In great occasions, then, the friendship of the man perhaps is to be preferred; but for our ordinary happiness, we cannot help thinking, that female friendship is most to be desired.

With respect to the attachments of the heart, the rapidity with which they shoot forth, and die away, among our own sex, would plainly seem to indicate, that in unshaken constancy, the women are superior to the men. We might, indeed, be rather led to expect, from the excessive adulation which is so universally offered to them, (for they, like princes, seldom hear the truth,) that their capriciousness would have been proverbial: the number of victims to male inconstancy and perjury, prove it however to be otherwise.

We are perfectly aware of the numerous exceptions to these remarks, in the present age; that there are many women in the middling and higher classes of society, who set no value upon accomplishments which adorn retirement; whose mornings are spent in coquetry, and nights in gaming; who talk of mar. riage as if treachery and infidelity were its inseparable concomitants; who practise every kind of vice and folly in succession; and whose last groan, we may say with St. Evremond, is more for the loss of their beauty than their life. Yet we may confidently boast, that the majority of the female sex, in England, cultivate literature, and esteem it for its own sake, and not for a vain and frivolous reputation; and keep their esteem for virtue, their contempt for vice, their sensibility for friend. ship, and their affection entire for their families, uncontaminated by all such disgraceful examples.


Travels in the Island of Iceland during the summer of the year

1809. By Sir George S. Mackenzie. Edinburgh, 1811. We know not when we have had our attention and sympathy more strongly attracted, than while engaged in the perusal of this volume of travels. The country described, is wretched and desolate beyond, perhaps, any other of the inhabited portions of the globe, and the people who occupy it, are of utter insignificance in the political world. Yet both the one and the other, furnish the richest food for enlightened curiosity, and materials for the most interesting speculation physiological and moral. In some of the features of the inanimate nature of Iceland, there seems to be a magnificence no where surpassed in the range of man, and in the history of her population, there are peculiarities of the most striking, and, we may say, admirable kind. The picture of intellectual culture, and moral refinement, which is there exhibited, under circumstances of physical condition, eminently adverse to both, is no less rare and grateful to the philosophic eye, than the physical phenomena in this polar region, are wonderful and sublime.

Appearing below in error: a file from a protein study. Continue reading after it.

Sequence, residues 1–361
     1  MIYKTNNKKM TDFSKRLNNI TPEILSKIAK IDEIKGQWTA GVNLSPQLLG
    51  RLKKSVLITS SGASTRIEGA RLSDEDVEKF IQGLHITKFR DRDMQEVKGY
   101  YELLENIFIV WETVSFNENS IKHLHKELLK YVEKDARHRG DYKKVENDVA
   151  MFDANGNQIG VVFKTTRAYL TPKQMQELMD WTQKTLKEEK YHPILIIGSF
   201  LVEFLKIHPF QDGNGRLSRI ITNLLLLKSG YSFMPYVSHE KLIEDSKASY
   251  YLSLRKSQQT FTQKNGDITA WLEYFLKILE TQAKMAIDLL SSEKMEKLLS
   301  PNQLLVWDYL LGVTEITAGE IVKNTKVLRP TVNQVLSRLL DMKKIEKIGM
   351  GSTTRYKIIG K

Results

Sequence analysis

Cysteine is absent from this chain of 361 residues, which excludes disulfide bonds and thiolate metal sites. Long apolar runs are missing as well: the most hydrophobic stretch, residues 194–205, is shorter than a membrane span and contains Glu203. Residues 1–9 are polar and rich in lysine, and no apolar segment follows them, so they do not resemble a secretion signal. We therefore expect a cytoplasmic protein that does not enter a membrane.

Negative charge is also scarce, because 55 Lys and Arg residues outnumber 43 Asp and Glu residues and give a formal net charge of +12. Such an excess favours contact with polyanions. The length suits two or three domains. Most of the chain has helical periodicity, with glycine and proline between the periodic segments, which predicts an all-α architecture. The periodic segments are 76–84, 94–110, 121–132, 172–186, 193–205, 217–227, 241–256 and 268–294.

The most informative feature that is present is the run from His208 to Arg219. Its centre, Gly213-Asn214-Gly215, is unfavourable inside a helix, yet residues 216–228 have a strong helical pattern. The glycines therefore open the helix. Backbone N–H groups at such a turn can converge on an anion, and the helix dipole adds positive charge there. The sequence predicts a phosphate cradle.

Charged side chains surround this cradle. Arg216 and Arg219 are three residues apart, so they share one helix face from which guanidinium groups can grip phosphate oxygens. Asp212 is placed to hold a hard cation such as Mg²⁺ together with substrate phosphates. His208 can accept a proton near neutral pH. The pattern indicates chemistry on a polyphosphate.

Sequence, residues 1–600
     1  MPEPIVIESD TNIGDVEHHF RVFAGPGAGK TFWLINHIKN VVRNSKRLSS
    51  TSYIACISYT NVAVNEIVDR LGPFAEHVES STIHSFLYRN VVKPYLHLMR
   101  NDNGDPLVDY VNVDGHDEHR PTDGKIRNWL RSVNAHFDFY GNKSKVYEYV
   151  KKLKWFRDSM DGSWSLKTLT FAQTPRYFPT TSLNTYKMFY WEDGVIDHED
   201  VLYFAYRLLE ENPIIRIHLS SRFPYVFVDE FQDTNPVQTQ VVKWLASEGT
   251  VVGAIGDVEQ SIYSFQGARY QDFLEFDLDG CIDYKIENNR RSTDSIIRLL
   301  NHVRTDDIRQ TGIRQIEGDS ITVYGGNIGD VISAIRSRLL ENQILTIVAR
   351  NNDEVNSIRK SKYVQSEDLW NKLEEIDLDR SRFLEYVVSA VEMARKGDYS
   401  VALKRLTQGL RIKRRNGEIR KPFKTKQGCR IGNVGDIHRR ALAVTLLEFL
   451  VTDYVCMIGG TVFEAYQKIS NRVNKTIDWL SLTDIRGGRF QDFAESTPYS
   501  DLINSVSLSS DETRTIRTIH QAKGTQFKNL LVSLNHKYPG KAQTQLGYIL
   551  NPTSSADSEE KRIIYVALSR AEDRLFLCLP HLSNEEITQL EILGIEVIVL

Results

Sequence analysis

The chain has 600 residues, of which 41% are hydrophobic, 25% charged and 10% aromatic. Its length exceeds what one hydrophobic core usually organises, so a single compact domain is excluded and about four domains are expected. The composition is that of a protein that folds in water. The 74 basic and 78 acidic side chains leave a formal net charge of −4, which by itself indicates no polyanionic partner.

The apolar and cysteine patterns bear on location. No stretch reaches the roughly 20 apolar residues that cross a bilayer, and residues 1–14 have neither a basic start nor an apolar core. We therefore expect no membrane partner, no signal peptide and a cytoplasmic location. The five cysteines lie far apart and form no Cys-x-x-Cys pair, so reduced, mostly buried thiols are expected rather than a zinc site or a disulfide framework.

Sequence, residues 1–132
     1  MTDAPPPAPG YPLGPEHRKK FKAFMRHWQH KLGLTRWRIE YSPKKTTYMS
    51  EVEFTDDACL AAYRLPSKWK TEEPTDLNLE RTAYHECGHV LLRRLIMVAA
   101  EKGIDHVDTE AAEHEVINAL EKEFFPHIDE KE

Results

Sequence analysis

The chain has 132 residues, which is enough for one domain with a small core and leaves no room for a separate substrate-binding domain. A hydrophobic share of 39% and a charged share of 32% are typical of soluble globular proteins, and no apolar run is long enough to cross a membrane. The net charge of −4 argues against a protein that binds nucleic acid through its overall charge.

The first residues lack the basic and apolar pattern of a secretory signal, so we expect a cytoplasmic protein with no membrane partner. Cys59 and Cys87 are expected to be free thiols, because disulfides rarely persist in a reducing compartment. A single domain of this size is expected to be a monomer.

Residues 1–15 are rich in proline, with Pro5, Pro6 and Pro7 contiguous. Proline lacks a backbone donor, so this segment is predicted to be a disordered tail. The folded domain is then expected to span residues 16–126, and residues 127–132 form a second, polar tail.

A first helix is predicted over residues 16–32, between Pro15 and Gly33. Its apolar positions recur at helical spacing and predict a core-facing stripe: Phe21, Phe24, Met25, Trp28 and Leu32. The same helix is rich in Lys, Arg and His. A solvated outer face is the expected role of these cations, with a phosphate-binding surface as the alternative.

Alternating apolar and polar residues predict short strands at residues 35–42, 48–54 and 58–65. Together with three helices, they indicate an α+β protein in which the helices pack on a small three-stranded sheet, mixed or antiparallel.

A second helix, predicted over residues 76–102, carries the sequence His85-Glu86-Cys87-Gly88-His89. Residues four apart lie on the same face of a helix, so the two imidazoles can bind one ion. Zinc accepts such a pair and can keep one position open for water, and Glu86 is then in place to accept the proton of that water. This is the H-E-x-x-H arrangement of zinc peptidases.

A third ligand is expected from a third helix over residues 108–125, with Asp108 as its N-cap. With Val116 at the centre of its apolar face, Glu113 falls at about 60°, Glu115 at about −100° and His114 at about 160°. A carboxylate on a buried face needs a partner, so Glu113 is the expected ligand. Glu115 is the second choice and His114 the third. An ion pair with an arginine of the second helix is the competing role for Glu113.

Sir George Mackenzie, and his able associates appear to have done justice, in their descriptions, to the scenes in which they were engaged, and have furnished a book, altogether worthy of the attention of every moralist and philosopher. The foreign reviewers, in the accounts they have given of it, are unanimous in its praise, but have confined themselves to a few, and those but short extracts. This circumstance united to the consideration, that the work itself will not, in all likeli. hood, be republished in this country, induces us to give place in this Journal, to such portions of it, as we deem best fitted to illustrate, the most important topics, of which the writers treat.

In reading their statements concerning the literature of Iceland, the comparison between what has been achieved, and is possessed in this lipe, by its inhabitants, with a population not exceed fifty thousand souls,-to say nothing of the wretchedness of their condition,-and the degree and specimens of erudition of which the United States can boast,--this comparison we say,often obtruded itself upon our minds, and awakened some very humiliating reflections. Others of our countrymen when they dwell upon what we are about to transcribe, will probably be disturbed by similar suggestions, and some benefit may result, in the excitement of a feeling, which is, oftentimes, the most powerful stimulus to exertion. Our extracts refer to the general character, the early and present literature, and the manners and customs of the island, and will be ranged under these heads, with no more attention, however, to method, or aptitude, than may be indispensably necessary for the purpose of division.

History, Character and Literature of the Icelanders. “ The history of Iceland, though possessing little importance in its relation to the political events of other nations, is nevertheless curious and interesting in many of its features. It is the narrative of a distinct and peculiar race of people; of a community which, oppressed by all the severities of soil and climate, and secluded amidst the desolation and most destructive operations of pature, has preserved, through the progress of nearly a thousand years, an enlightened system of internal policy, an exalted character in all religious and social duties, liberal methods of education, and the culture of even the more refined branches of literature and knowledge."

“ In the constitution which the Icelanders created for themselves, a distinct relation will be traced to the progressive institutions of several of the European states. One obvious peculiarity, however, offers itself in the present instance. Elsewhere, the progress towards regular government was gradual, and every step made through contest and bloodshed. In Ice land, all was effected by a single and simultaneous effort. The necessity appeared for some bond of union among the several communities of the island: the voice of


deliberation gave to the people this common bond, in a constitution which was received without tumult, and brought into action without delay.”